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Conflict and the evolution of societies

  • David K. Levine
  • Salvatore Modica
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    The Malthusian theory of evolution disregards a pervasive fact about human societies: they expand through conflict. When this is taken account of the long-run favors not a large population at the level of subsistence, nor yet institutions that maximize welfare or per capita output, but rather institutions that maximize free resources. These free resources are the output available to society after deducting the payments necessary for subsistence and for the incentives needed to induce pro- duction, and the other claims to production such as transfer payments and resources absorbed by elites. We develop the evolutionary underpinnings of this model, and examine the implications of free resource maximization for the evolution of societies in several applications. Since free resources are increasing both in per capita income and population, evolution will favor large rich societies. We will show how technological improvement is likely to increase per capita output as well as increase population, and how economically inefficient institutions such as bureaucracy arise.

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    Paper provided by Federal Reserve Bank of St. Louis in its series Working Papers with number 2012-032.

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    Date of creation: 2012
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    Handle: RePEc:fip:fedlwp:2012-032
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    1. Drew Fudenberg & David K. Levine, 1996. "The Theory of Learning in Games," Levine's Working Paper Archive 624, David K. Levine.
    2. David K. Levine & Salvatore Modica & Federico Weinschelbaum & Felipe Zurita, 2012. "Evolving to the impatience trap: the example of the farmer-sheriff game," Working Papers 2012-033, Federal Reserve Bank of St. Louis.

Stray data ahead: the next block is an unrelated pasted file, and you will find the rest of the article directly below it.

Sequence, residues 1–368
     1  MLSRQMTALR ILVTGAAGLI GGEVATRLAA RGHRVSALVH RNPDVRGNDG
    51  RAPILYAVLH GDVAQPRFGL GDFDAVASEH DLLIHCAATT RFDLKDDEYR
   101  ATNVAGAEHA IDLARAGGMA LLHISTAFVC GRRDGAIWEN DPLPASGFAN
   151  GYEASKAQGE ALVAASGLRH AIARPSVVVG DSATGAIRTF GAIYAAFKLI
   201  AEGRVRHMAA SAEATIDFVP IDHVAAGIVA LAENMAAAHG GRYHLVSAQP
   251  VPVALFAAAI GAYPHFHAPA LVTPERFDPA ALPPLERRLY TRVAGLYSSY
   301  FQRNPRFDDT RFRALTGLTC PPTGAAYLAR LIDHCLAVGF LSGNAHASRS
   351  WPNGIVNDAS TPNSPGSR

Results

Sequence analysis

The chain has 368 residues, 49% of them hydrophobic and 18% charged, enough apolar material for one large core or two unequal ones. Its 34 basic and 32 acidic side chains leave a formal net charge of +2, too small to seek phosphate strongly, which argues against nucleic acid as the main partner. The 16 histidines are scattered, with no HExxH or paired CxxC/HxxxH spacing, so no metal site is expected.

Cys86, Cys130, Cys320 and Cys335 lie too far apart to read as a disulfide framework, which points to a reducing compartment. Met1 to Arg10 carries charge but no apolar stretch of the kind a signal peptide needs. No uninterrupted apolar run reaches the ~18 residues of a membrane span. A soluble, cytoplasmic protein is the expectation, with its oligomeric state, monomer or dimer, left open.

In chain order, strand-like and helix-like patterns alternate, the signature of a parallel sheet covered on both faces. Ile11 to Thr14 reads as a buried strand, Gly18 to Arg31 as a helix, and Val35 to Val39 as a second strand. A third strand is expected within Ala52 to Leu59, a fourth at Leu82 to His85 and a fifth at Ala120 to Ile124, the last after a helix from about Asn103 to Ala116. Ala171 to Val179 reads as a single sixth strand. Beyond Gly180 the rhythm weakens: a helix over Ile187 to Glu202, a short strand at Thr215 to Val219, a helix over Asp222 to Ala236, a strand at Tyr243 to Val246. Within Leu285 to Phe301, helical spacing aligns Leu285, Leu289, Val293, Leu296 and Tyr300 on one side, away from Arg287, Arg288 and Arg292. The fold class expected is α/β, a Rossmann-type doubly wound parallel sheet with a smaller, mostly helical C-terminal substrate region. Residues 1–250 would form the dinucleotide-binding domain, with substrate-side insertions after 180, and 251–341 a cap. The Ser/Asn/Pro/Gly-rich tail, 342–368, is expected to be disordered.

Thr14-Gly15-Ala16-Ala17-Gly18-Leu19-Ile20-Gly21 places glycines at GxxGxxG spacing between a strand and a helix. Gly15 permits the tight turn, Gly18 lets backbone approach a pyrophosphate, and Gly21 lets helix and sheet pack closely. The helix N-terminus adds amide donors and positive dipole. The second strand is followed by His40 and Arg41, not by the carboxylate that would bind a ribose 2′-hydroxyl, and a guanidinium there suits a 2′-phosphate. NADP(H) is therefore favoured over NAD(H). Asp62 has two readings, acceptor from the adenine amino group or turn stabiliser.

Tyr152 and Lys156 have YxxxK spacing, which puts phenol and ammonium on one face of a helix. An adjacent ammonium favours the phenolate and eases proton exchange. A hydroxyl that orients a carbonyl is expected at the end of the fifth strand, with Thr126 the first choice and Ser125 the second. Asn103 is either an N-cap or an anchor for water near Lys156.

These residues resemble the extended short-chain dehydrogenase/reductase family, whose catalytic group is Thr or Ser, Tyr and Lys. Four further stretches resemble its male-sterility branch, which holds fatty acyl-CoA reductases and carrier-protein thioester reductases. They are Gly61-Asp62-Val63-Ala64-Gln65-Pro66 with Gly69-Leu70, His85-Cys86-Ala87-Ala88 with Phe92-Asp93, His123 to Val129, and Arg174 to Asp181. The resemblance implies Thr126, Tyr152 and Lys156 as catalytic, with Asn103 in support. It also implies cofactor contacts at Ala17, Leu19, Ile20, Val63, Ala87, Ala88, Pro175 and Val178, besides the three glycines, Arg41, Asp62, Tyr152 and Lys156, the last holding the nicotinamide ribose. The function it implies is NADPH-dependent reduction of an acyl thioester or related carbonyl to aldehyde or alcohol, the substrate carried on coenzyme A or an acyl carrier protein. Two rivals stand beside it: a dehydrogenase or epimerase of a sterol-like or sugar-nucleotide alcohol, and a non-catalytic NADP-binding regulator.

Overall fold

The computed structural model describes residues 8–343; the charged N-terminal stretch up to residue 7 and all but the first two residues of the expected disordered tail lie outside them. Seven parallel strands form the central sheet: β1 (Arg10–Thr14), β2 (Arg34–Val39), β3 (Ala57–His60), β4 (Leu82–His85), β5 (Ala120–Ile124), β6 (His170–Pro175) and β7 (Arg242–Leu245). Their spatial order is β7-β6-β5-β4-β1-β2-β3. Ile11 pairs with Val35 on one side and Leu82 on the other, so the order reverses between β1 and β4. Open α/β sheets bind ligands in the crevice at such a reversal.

3. Quamrul Ashraf & Oded Galor, 2010. "Dynamics and Stagnation in the Malthusian Epoch," Department of Economics Working Papers 2010-01, Department of Economics, Williams College, revised Jul 2010.
    4. Foster, Dean P. & Young, H. Peyton, 2003. "Learning, hypothesis testing, and Nash equilibrium," Games and Economic Behavior, Elsevier, vol. 45(1), pages 73-96, October.
    5. Daron Acemoglu & James A. Robinson, 2000. "Why Did The West Extend The Franchise? Democracy, Inequality, And Growth In Historical Perspective," The Quarterly Journal of Economics, MIT Press, vol. 115(4), pages 1167-1199, November.
    6. Samuel Bowles & Astrid Hopfensitz, 2000. "The Co-evolution of Individual Behaviors and Social Institutions," Working Papers 00-12-073, Santa Fe Institute.
    7. Kandori, Michihiro & Mailath, George J & Rob, Rafael, 1993. "Learning, Mutation, and Long Run Equilibria in Games," Econometrica, Econometric Society, vol. 61(1), pages 29-56, January.
    8. Dekel, Eddie & Ely, Jeffrey & Yilankaya, Okan, 2004. "Evolution of Preferences," Microeconomics.ca working papers dekel-04-08-13-01-21-07, Vancouver School of Economics, revised 09 Jun 2006.
    9. Giulio Bottazzi & Pietro Dindo, 2010. "Evolution and market behavior with endogenous investment rules," LEM Papers Series 2010/20, Laboratory of Economics and Management (LEM), Sant'Anna School of Advanced Studies, Pisa, Italy.
    10. Kjell Hausken, 2005. "Production and Conflict Models Versus Rent-Seeking Models," Public Choice, Springer, vol. 123(1), pages 59-93, April.
    11. Dincecco, Mark & Federico, Giovanni & Vindigni, Andrea, 2011. "Warfare, Taxation, and Political Change: Evidence from the Italian Risorgimento," The Journal of Economic History, Cambridge University Press, vol. 71(04), pages 887-914, December.
    12. Ingela Alger & J�rgen W. Weibull, 2010. "Kinship, Incentives, and Evolution," American Economic Review, American Economic Association, vol. 100(4), pages 1725-58, September.
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